American Heritage® Dictionary of the English Language, Fourth Edition
- n. A strong feeling of displeasure or hostility.
- v. To make angry; enrage or provoke.
- v. To become angry: She angers too quickly.
Century Dictionary and Cyclopedia
- n. Grief; trouble; distress; anguish.
- n. A revengeful passion or emotion directed against one who inflicts a real or supposed wrong; “uneasiness or discomposure of mind upon the receipt of any injury, with a present purpose of revenge,” Locke; wrath; ire.
- n. An individual fit of anger; an expression of anger, as a threat: in this sense it may be used in the plural.
- n. Pain or smart, as of a sore or swelling. This sense is still retained by the adjective. See angry, 8.
- n. Synonyms Anger, Vexation, Indignation, Resentment, Wrath, Ire, Choler, Rage, Fury, passion, displeasure, dudgeon, irritation, gall, bile, spleen. Vexation is the least forcible of these words, expressing the annoyance and impatient chafing of one whose mood has been crossed, whose expectations have not been realized, etc. Indignation may be the most high-minded and unselfish; it is intense feeling in view of grossly unworthy conduct, whether toward one's self or toward others. The other words denote almost exclusively feeling excited by the sense of personal injury. Anger is a sudden violent feeling of displeasure over injury, disobedience, etc., accompanied by a retaliatory impulse; it easily becomes excessive, and its manifestation is generally accompanied by a loss of self-control. Resentment is the broadest in its meaning, denoting the instinctive and proper recoil of feeling when one is injured, and often a deep and bitter brooding over past wrongs, with a consequent hatred and settled desire for vengeance; it is, in the latter sense, the coolest and most permanent of these feelings. Wrath and ire express sudden feeling of great power, and are often associated with the notion of the superiority of the person: as, the wrath of Jove, the ire of Achilles. They are often the result of wounded pride. Ire is poetic. Wrath has also an exalted sense, expressive of a lofty indignation visiting justice upon wrong-doing. Rage is an outburst of anger, with little or no self-control; fury is even more violent than rage, rising almost to madness. The chief characteristic of choler is quickness to rise; it is irascibility, easily breaking into a high degree of resentful feeling.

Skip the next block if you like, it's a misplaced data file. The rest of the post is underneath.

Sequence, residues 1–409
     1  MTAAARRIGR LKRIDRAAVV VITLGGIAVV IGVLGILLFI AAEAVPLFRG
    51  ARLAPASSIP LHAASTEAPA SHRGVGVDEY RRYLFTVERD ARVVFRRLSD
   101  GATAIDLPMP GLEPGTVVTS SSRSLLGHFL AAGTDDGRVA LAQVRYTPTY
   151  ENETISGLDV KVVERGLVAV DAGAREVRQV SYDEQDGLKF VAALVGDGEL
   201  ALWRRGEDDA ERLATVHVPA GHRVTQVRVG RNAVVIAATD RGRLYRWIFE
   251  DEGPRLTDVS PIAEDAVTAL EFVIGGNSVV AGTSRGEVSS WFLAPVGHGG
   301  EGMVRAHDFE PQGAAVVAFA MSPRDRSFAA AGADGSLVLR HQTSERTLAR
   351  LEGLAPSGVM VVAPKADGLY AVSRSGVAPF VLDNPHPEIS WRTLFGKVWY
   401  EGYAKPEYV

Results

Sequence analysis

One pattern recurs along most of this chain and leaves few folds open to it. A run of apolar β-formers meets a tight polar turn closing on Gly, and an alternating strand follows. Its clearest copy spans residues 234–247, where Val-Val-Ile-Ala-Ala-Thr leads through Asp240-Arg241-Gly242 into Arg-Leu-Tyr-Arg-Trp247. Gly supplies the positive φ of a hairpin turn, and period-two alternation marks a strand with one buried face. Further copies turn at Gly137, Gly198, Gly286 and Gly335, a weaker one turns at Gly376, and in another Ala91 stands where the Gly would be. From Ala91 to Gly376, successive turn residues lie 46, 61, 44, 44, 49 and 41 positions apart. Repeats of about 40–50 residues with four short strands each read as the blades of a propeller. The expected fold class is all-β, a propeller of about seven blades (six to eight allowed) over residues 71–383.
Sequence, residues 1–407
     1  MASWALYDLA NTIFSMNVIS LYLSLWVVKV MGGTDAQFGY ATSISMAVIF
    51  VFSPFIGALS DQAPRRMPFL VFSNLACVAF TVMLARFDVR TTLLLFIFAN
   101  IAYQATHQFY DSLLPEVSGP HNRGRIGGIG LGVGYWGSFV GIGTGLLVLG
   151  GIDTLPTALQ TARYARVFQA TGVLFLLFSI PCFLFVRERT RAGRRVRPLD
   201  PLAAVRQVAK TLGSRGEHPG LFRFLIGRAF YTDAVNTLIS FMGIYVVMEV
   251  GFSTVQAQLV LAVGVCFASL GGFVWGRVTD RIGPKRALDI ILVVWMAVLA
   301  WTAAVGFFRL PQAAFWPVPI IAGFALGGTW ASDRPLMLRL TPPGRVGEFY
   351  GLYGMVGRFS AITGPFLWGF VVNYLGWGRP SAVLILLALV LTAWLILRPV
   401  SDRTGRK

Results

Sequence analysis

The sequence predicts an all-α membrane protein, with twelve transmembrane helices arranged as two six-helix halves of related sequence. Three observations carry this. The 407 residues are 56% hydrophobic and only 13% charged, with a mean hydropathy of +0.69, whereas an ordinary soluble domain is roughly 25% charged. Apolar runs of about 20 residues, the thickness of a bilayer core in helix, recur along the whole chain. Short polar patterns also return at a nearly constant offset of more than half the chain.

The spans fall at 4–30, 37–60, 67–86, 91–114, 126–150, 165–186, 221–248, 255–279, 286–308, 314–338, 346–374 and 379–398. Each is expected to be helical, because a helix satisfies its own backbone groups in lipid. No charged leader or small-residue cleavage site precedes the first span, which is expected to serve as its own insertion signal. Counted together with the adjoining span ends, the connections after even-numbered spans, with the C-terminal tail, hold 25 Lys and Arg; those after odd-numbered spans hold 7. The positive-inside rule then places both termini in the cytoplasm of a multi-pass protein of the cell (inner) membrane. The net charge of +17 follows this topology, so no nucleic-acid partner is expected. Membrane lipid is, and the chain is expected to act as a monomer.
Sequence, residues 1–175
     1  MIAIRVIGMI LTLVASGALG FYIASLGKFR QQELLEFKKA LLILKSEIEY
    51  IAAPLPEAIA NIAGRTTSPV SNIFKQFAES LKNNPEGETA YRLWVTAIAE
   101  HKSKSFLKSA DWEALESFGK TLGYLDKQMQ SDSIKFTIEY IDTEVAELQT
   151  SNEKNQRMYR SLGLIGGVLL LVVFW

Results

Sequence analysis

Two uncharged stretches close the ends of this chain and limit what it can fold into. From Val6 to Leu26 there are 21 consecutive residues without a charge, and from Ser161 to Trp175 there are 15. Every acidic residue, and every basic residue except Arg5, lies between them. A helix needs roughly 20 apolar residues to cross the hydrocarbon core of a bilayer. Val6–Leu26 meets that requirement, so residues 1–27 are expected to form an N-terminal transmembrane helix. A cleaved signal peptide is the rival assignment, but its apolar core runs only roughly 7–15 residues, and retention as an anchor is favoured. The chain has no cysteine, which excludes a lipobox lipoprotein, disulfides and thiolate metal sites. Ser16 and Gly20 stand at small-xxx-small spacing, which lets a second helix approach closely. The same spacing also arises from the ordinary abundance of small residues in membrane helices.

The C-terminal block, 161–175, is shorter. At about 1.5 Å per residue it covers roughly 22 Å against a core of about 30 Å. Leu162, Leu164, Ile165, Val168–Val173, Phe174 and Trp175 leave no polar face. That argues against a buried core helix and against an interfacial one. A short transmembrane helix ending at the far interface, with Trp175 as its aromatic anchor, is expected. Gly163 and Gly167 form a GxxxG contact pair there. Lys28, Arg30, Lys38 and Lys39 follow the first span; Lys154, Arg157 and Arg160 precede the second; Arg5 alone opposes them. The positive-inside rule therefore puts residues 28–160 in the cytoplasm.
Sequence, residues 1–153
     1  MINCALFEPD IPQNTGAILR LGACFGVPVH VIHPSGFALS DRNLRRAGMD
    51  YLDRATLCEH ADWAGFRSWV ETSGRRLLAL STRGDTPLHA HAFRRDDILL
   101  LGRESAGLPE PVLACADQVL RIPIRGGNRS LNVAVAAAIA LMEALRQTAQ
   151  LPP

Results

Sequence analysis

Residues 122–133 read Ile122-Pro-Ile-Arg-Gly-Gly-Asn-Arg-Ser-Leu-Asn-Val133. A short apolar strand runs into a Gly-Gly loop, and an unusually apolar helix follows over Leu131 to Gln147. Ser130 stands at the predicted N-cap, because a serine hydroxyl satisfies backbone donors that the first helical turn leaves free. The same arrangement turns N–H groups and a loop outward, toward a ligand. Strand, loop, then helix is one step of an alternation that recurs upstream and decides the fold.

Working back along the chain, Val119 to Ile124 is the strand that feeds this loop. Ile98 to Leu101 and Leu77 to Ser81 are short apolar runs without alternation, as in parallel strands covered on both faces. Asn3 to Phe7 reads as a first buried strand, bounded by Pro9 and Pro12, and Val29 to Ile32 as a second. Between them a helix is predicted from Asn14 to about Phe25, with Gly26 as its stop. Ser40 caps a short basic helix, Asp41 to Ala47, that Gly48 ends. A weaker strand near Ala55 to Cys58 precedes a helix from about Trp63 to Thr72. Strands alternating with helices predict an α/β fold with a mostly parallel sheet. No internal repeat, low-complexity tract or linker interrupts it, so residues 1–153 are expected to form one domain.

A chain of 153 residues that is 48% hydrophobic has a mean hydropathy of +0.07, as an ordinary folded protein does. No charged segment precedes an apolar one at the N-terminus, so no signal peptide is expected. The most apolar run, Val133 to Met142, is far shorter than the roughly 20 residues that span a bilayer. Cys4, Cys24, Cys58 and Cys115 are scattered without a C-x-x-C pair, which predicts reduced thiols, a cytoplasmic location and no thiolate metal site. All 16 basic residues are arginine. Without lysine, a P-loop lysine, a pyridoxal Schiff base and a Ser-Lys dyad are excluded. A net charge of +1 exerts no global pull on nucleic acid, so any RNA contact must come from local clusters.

- To grieve; trouble; distress; afflict.
- To make painful; cause to smart; inflame; irritate: as, to anger an ulcer. Bacon.
- To excite to anger or wrath; rouse resentment in.
- Synonyms To irritate, chafe, provoke, vex, enrage, exasperate, infuriate.
- To become angry.
- n. An occasional spelling of angor.
- n. A strong feeling of displeasure, hostility or antagonism towards someone or something, usually combined with an urge to harm.
- n. obsolete Pain or stinging.
- v. transitive To cause such a feeling of antagonism.
- v. intransitive To become angry.
GNU Webster's 1913
- n. obsolete Trouble; vexation; also, physical pain or smart of a sore, etc.
- n. A strong passion or emotion of displeasure or antagonism, excited by a real or supposed injury or insult to one's self or others, or by the intent to do such injury.
- v. obsolete To make painful; to cause to smart; to inflame.
- v. To excite to anger; to enrage; to provoke.
- n. a strong emotion; a feeling that is oriented toward some real or supposed grievance
- v. become angry
- n. the state of being angry
- n. belligerence aroused by a real or supposed wrong (personified as one of the deadly sins)
- v. make angry
- From Middle English anger ("grief, pain, trouble, affliction, vexation, sorrow, wrath"), from Old Norse angr, ǫngr ("affliction, sorrow"), from ang, ǫng ("troubled"), from Proto-Germanic *anguz, *angwuz (“narrow, strait”), from Proto-Indo-European *amǵʰ- (“narrow, tied together”). Cognate with Danish anger ("regret, remorse"), Swedish ånger ("regret"), Icelandic angur ("trouble"), Old English ange, enge ("narrow, close, straitened, constrained, confined, vexed, troubled, sorrowful, anxious, oppressive, severe, painful, cruel"), German Angst ("anxiety, anguish, fear"), Latin angō ("squeeze, choke, vex"), Albanian ang ("fear, anxiety, pain, nightmare"), Ancient Greek ἄγχω (ankhō, "I squeeze, strangle"), Sanskrit अंहु (aṃhu, "anxiety, distress"). Also compare anguish, anxious, quinsy, and perhaps to awe and ugly. The word seems to have originally meant “to choke, squeeze”. (Wiktionary)
- Middle English, from Old Norse angr, sorrow. (American Heritage® Dictionary of the English Language, Fourth Edition)
“Of course, a lot of things get said in anger just to lash out and hurt the person at whom the anger is directed.”
“Hopefully it will spark some more balanced debate, as a professor denied tenure and apparently writing in anger is maybe not the best judge.”
“In addition, we purposely made the title anger and enrage the disbelievers.”
“As much as conservatives would like to believe that all this anger is about national politics and conservative principles.”
“So some of the anger is at him and some at the world, but how do we handle it together?”
“We are entitled to our anger in response to this oppression: our anger is a message to ourselves that we need to get active and change something in order to survive.”
“But a chance encounter with Buddhism shows him the anger is his alone, and never serves any good purpose anyway.”
“At some level this anger is an attempt at intimidation for Democrats to back off their agenda, but at heart it is the product of a poor education.”
“That said I believe the majority of the anger is about the reckless spending from our government.”
“Since their reasons for protesting are a textbook illustration of hypocrisy, and since they can't specifically identify what they are protesting FOR, it's pretty clear that their anger is at the man, not at his policies.”
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